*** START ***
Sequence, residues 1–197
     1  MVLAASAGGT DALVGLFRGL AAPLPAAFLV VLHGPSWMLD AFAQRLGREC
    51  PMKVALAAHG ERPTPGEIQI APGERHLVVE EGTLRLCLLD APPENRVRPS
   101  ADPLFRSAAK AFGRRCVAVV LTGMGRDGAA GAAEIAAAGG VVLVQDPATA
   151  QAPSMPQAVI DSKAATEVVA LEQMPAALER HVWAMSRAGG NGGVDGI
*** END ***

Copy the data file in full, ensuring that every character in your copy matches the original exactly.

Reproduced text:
Sequence, residues 1–197
     1  MVLAASAGGT DALVGLFRGL AAPLPAAFLV VLHGPSWMLD AFAQRLGREC
    51  PMKVALAAHG ERPTPGEIQI APGERHLVVE EGTLRLCLLD APPENRVRPS
   101  ADPLFRSAAK AFGRRCVAVV LTGMGRDGAA GAAEIAAAGG VVLVQDPATA
   151  QAPSMPQAVI DSKAATEVVA LEQMPAALER HVWAMSRAGG NGGVDGI